The company’s Bell helicopter arm notched a 59 percent surge in profit on a 33 percent rise in revenue, helping drive the bottom-line beat, and Chief Executive Scott Donnelly said demand for Cessna jets was also accelerating.
The world’s largest maker of corporate jets said on Wednesday that earnings came to $118 million, or 40 cents per share, compared with $29 million, or 9 cents per share, a year earlier.
Textron’s Cessna unit is showing signs of recovering from the deep slump in demand for corporate jets, Donnelly said.
“We continue to see improvement in customer activity,” Donnelly said. “New orders (in the first quarter) were higher than last year’s first, second and third quarters combined.”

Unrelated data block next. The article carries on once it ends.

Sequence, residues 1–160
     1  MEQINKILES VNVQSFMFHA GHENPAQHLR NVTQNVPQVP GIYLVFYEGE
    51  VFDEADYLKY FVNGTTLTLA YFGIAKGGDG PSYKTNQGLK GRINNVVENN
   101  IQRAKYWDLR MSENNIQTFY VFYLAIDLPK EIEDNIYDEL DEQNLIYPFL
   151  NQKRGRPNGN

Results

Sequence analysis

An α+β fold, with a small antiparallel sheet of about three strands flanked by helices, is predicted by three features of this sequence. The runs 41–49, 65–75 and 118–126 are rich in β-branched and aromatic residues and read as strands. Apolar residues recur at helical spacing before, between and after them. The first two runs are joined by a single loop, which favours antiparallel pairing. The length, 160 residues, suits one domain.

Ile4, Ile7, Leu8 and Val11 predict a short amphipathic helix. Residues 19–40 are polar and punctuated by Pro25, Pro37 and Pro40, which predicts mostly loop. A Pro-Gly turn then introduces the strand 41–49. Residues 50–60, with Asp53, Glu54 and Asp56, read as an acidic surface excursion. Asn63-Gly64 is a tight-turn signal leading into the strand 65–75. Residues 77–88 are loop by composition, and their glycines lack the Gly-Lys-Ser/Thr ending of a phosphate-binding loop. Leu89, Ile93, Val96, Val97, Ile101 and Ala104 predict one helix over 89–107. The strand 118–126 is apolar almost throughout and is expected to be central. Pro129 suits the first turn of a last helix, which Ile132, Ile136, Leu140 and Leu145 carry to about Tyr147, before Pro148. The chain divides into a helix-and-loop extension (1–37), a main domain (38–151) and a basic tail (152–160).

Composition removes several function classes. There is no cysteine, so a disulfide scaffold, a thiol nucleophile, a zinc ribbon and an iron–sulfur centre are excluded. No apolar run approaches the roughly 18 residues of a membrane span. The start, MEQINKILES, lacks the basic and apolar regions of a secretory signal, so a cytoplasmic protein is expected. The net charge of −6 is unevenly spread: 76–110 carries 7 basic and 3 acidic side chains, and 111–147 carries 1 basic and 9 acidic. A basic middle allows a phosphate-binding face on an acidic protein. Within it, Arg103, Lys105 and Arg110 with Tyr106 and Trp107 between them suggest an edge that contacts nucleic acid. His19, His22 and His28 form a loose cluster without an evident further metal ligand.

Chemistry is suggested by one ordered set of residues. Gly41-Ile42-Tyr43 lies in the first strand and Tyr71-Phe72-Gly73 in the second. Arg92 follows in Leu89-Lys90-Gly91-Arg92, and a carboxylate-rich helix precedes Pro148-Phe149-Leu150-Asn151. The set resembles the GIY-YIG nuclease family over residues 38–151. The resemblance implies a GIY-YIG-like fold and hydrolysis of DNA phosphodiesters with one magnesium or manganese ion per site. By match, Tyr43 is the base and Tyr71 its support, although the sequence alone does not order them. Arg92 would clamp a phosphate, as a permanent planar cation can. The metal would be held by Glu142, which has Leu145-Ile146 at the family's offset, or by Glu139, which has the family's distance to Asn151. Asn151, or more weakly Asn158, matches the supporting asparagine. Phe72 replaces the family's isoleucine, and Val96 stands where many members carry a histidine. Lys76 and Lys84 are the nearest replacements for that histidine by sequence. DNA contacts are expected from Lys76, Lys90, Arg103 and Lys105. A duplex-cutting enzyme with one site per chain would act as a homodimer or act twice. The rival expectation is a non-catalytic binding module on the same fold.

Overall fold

The profit beat reflected strong growth at Bell and Textron’s industrial arm, which makes products including E-Z-Go golf carts and automotive components.
“The upside was driven by Bell and industrial,” said Jeff Sprague, an analyst at Vertical Research Partners. “The margin performance (at Bell) was solid and better than we expected.”
Revenue rose 15.2 percent to $2.86 billion from $2.48 billion, beating analysts’ estimates of $2.7 billion.
Textron affirmed its full-year profit forecast of $1.80 to $2.00 per share from continuing operations. The company said it expected revenue for the year to rise 11 percent to about $12.5 billion, driven by strong growth at Cessna and Bell.